Aetna tries paying patients to take their meds

The health plan is sponsoring a study to look at whether the prospect of a lottery prize can boost patients' drug adherence.

By Emily Berry — Posted Aug. 4, 2008

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Aetna, through its nonprofit foundation, is funding research to find out whether a daily lottery with cash prizes will help improve patients' medication adherence.

The Aetna Foundation last fall gave researchers a $400,000 grant to fund a study at the University of Pennsylvania that will use prizes of $10 and $100 as rewards for taking medication as prescribed.

"If it looks like it works, we'll try to incorporate it in things we do," said Aetna Chief Medical Officer Troyen A. Brennan, MD, MPH.

Kevin G. Volpp, MD, PhD, director of the Center on Health Incentives at the Leonard Davis Institute for Health Economics at the University of Pennsylvania's Wharton School, and Stephen E. Kimmel, MD, associate professor of medicine at the University of Pennsylvania School of Medicine, have designed a two-arm randomized trial with 100 participants to test a daily lottery as incentive for taking warfarin as prescribed.

An electronic monitor will track whether all participants are taking their medicine.

The 50 people enrolled in the lottery will have a 1-in-10 chance of winning $10 every day they take their medication and a 1-in-100 chance of winning $100. Each day a text message will tell a subject whether he or she has won the lottery, or, if the dose wasn't taken, whether he or she would have won, Dr. Volpp said.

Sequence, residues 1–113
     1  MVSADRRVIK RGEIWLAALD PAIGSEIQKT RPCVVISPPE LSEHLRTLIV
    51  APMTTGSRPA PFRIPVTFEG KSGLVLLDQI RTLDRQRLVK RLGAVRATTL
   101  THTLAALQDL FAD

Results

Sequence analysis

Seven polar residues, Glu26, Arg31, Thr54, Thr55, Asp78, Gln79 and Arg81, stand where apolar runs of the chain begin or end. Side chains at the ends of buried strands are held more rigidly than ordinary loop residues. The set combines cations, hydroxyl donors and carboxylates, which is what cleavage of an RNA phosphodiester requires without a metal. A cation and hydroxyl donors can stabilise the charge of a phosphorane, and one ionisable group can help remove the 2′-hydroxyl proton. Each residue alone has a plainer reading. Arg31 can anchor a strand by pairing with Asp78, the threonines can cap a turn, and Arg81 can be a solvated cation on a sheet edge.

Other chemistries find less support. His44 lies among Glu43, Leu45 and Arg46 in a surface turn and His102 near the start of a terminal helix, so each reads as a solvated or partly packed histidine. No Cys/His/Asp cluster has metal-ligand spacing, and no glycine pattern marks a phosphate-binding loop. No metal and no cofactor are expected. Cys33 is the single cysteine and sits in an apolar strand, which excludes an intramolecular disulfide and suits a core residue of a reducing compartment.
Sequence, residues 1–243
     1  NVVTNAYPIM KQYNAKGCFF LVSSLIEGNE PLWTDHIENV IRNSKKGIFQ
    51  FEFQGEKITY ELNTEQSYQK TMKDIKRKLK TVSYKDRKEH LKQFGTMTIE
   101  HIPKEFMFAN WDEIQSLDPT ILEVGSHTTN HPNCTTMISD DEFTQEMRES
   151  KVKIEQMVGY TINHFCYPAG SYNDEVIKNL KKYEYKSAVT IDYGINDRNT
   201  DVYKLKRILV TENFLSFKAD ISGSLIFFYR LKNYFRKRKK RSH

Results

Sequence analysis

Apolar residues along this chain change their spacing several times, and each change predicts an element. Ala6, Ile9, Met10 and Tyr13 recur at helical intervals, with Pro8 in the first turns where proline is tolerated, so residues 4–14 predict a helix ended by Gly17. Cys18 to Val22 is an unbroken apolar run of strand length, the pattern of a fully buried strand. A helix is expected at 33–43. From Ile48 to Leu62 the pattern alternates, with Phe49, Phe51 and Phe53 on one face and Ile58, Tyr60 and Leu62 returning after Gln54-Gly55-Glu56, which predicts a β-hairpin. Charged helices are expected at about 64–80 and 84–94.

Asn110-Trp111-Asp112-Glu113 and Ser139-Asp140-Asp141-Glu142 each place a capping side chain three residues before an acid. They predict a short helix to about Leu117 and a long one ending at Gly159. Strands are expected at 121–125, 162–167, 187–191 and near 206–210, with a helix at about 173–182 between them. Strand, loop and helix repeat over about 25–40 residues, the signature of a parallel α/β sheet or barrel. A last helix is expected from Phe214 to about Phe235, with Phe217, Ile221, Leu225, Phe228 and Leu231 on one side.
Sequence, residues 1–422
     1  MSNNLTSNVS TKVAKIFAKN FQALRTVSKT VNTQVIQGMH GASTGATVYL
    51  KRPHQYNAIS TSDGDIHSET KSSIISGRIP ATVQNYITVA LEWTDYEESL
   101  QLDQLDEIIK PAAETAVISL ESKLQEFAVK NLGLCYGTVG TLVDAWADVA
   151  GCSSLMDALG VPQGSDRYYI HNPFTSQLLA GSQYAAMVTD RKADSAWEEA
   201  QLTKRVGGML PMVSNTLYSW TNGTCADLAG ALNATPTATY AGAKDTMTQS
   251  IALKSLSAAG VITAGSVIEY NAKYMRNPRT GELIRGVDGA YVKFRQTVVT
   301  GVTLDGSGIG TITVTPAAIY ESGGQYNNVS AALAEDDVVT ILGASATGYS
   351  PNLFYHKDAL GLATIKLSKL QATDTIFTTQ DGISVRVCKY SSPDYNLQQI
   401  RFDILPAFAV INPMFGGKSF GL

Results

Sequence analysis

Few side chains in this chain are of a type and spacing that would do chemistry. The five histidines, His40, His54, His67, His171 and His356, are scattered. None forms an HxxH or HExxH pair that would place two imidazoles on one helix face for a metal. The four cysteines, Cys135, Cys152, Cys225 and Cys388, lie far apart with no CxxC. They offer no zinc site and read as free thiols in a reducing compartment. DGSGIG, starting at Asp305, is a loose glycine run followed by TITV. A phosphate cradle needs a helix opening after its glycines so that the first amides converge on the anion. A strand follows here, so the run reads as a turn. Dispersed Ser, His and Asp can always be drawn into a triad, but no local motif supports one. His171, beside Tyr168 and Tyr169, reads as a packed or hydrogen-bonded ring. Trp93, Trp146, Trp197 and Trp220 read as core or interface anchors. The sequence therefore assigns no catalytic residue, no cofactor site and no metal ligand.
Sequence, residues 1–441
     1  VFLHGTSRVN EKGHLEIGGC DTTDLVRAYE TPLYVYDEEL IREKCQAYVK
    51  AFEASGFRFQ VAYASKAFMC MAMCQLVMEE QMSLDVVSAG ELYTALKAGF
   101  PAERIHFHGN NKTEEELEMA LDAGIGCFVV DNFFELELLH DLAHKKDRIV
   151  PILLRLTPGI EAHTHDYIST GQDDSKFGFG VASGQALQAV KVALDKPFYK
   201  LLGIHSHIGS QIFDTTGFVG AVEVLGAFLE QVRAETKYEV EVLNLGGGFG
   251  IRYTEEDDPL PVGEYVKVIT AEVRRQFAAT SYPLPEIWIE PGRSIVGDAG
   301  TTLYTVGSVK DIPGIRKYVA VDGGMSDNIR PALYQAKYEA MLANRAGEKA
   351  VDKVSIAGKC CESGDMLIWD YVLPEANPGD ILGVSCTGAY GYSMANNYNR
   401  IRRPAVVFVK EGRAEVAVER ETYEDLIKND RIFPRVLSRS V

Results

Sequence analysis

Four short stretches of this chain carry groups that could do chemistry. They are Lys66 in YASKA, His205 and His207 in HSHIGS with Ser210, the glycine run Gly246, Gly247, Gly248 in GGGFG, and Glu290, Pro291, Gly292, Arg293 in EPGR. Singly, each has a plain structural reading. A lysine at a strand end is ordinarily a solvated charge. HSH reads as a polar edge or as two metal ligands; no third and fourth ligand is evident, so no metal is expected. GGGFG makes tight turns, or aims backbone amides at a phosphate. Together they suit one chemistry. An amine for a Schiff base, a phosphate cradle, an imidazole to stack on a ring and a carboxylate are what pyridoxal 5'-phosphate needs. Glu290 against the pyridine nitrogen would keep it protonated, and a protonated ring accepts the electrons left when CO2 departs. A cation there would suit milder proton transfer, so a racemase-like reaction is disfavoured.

The 50 people in the control group will use the same monitor but won't be entered in the lottery.

Aetna chose to sponsor the research because adherence is key to quality of care, Dr. Brennan said. He said statistics show that a year after beginning medication, only about 50% of patients are taking their medications as directed.

Direct and indirect costs of medication nonadherence are estimated to total as much as $177 billion annually in the U.S., said Ray Bullman, executive vice president at the National Council on Patient Information and Education, a nonprofit coalition of organized medical groups -- including the AMA, a founding member -- businesses and government agencies.

The group issued an August 2007 report on the topic of prescription drug adherence, recommending that all sectors of the health care system be involved in addressing the problem. The report noted that prescription drug spending is the fastest growing component of medical cost for most health plans, at an estimated increase of 17% every year.

David B. Nash, MD, chair of the Dept. of Health Policy at Jefferson Medical College in Philadelphia, said that with the proper safeguards, it's appropriate for a health plan to sponsor this kind of research because it's in their financial interest to keep members healthy. (See correction)

"They know their whole future is at stake with regard to this issue," he said.

Dr. Nash serves as a board member of InforMedix, which manufactures the Med-eMonitor, the tool Dr. Volpp and Dr. Kimmel are using.

About 75 people have enrolled so far, and Dr. Volpp said he expects to see results by next spring.

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The original version of this article misidentified Dr. Nash, chair of the Dept. of Health Policy at Jefferson Medical College in Philadelphia. He is no longer a professor of medicine. American Medical News regrets the error.

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